Opposition MP Edwin Vassallo called on the government to “cut the crap” and publish the data it had chosen to censor in the published copies of the contracts, since the government’s decision to withhold critical data was leading many to suspect further corruption was involved.

He said that the amount of data that had been retracted and blacked out in the published copies of the contracts raised more doubts and suspicion in the government’s motives for keeping this information hidden.

Vassallo said that the government was trying to use recent power cuts and suspension of the interconnector supply to justify the development of a new power plant.

Environment Minister Jose Herrera said the project was backed by all interested parties, including the Environment Resources Authority and eNGOs, except for the opposition, which seemed to persist in preferring heavy fuel oil use.

“The opposition does not want to accept that this project will mean a 90% decrease in dust particles in the air, and a 50% decrease in greenhouse emissions,” he said.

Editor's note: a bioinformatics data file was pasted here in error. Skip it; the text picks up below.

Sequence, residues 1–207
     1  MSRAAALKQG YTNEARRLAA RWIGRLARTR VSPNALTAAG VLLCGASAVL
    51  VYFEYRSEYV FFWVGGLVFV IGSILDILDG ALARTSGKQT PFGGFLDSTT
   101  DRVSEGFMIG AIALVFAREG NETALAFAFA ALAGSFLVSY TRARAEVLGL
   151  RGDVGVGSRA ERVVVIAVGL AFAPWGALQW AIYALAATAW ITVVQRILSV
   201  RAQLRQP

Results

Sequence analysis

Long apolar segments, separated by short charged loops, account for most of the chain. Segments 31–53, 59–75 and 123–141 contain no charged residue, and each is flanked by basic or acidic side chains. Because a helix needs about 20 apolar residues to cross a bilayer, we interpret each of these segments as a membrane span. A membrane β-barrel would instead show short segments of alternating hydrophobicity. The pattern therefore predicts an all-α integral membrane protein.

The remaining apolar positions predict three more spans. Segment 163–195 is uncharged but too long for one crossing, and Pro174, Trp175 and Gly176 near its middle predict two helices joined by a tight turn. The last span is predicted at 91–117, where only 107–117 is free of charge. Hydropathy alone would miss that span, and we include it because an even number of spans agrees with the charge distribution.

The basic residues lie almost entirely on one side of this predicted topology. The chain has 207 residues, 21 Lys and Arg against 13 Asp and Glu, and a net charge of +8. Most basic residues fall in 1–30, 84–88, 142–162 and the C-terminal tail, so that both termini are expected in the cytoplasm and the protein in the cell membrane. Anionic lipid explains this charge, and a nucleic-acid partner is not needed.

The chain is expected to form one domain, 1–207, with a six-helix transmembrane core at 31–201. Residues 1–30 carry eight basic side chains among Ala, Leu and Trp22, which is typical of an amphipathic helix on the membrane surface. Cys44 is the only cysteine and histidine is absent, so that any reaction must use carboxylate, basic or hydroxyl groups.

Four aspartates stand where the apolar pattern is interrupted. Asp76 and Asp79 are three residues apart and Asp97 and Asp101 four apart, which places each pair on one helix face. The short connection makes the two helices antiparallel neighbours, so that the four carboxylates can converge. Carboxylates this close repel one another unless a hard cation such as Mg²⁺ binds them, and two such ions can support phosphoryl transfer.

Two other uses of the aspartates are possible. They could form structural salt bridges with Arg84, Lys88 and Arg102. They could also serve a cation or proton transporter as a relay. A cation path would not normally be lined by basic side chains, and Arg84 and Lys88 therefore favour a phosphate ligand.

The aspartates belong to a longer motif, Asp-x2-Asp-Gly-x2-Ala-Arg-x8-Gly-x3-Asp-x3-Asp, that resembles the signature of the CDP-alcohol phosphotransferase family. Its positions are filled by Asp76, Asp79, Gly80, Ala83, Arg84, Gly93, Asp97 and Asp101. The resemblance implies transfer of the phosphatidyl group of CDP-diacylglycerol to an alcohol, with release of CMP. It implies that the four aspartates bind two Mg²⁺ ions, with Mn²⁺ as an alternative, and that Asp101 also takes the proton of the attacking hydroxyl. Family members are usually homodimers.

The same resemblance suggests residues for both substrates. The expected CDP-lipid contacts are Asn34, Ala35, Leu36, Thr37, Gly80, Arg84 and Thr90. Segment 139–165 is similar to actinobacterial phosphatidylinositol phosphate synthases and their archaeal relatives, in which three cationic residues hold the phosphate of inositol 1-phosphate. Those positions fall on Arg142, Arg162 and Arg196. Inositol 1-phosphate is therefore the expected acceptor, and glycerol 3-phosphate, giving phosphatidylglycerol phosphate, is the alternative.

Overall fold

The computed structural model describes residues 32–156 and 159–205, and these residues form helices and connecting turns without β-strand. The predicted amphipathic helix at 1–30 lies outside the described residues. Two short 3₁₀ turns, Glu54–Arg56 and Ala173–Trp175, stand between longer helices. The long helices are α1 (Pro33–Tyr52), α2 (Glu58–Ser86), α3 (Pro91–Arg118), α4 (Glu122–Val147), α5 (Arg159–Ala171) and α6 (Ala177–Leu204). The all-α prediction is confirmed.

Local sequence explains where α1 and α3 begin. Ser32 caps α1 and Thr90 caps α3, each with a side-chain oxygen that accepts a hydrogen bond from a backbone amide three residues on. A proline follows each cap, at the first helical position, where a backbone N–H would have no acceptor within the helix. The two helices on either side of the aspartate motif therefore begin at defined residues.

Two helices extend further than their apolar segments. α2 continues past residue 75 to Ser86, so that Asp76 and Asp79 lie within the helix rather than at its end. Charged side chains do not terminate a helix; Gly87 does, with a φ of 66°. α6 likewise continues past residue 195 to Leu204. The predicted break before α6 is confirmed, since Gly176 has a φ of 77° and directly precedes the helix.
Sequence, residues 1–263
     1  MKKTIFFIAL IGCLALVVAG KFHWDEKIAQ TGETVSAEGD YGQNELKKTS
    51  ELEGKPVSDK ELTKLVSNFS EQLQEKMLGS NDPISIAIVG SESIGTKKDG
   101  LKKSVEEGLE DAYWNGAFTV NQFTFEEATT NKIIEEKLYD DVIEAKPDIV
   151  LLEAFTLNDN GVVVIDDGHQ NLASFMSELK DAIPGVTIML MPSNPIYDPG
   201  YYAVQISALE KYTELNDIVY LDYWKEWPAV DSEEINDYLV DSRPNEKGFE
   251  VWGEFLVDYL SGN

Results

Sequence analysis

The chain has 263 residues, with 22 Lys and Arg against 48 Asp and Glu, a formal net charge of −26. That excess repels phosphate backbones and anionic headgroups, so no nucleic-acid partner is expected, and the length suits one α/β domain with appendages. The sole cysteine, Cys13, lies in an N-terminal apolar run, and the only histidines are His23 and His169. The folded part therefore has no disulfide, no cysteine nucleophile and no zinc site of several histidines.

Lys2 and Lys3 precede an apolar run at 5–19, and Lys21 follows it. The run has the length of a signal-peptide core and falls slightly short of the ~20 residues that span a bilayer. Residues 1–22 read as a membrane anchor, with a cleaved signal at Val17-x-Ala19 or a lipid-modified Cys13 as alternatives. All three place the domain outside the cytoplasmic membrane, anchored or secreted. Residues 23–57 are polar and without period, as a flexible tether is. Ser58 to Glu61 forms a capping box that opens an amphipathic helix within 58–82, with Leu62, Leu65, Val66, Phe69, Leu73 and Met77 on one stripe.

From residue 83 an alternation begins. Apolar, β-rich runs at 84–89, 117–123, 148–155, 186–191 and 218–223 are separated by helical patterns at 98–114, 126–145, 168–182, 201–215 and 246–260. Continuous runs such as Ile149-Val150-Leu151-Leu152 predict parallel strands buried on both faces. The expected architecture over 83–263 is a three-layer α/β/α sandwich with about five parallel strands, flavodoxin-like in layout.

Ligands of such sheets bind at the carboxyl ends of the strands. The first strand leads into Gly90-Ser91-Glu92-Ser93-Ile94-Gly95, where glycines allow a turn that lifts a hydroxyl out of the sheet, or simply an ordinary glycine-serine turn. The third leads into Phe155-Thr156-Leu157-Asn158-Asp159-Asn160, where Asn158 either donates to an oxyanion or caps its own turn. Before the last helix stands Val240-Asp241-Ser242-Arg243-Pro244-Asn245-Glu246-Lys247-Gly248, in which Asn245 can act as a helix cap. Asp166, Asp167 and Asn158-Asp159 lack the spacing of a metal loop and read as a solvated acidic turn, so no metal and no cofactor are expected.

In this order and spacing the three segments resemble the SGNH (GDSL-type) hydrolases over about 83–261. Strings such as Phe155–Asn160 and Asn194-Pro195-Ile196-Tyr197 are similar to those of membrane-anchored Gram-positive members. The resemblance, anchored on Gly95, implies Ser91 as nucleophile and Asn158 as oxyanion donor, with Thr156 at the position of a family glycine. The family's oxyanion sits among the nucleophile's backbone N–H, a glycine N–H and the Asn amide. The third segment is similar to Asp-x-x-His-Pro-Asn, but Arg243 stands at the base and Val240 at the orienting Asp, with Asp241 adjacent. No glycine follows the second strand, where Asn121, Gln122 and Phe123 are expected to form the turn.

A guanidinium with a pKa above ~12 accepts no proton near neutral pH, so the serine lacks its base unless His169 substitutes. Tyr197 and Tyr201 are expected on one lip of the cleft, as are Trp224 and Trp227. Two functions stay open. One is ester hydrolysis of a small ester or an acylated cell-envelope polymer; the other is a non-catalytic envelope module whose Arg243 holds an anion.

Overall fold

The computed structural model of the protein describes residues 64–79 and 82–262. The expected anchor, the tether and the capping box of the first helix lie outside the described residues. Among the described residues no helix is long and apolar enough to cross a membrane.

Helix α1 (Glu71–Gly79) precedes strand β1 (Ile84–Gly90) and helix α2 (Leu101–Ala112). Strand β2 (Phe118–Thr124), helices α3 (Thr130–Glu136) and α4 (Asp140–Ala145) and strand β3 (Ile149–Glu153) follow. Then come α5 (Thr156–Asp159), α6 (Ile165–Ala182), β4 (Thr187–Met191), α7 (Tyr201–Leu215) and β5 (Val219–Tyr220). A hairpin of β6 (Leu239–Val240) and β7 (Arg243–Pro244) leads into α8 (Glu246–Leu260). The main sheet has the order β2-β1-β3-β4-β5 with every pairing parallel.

Finance Minister Edward Scicluna said he could not understand the opposition’s insistence on defending the use of heavy fuel oil.

“Let us not forget that under the Nationalist government, families were subject to the highest energy bills, whereas this administration had seen to bring tariffs down for households and business,” he said.

Scicluna said that the government’s policies had resulted in Enemalta becoming profitable once again – a comment that made the leader of the Democratic Party Marlene Farrugia seek further clarification from the minister.

Scicluna said further information would be provided in other occasions.

“Muscat overshadowed Machiavelli”

PN MP Ryan Callus said that it was obvious Prime Minister Joseph Muscat did not respect the opposition and was not honest when he extended a hand of friendship and cooperation.

“The prime minister knew how much this motion had hurt his government, particularly because of the possible links with the Panama scandal,” he said. “Machiavelli’s instructions on how to maintain power at all costs had been overshadowed by the machinations of this prime minister.”

Callus said Muscat had sought to nullify the opposition’s motion by publishing, at the thirteenth hour, the heavily-censored contracts that provided no pertinent data whatsoever.

Labour MP Silvio Parnis said the opposition could not stand the fact that this government had managed to bring the country’s economy back on a sure footing and to provide a better quality of life for all Maltese.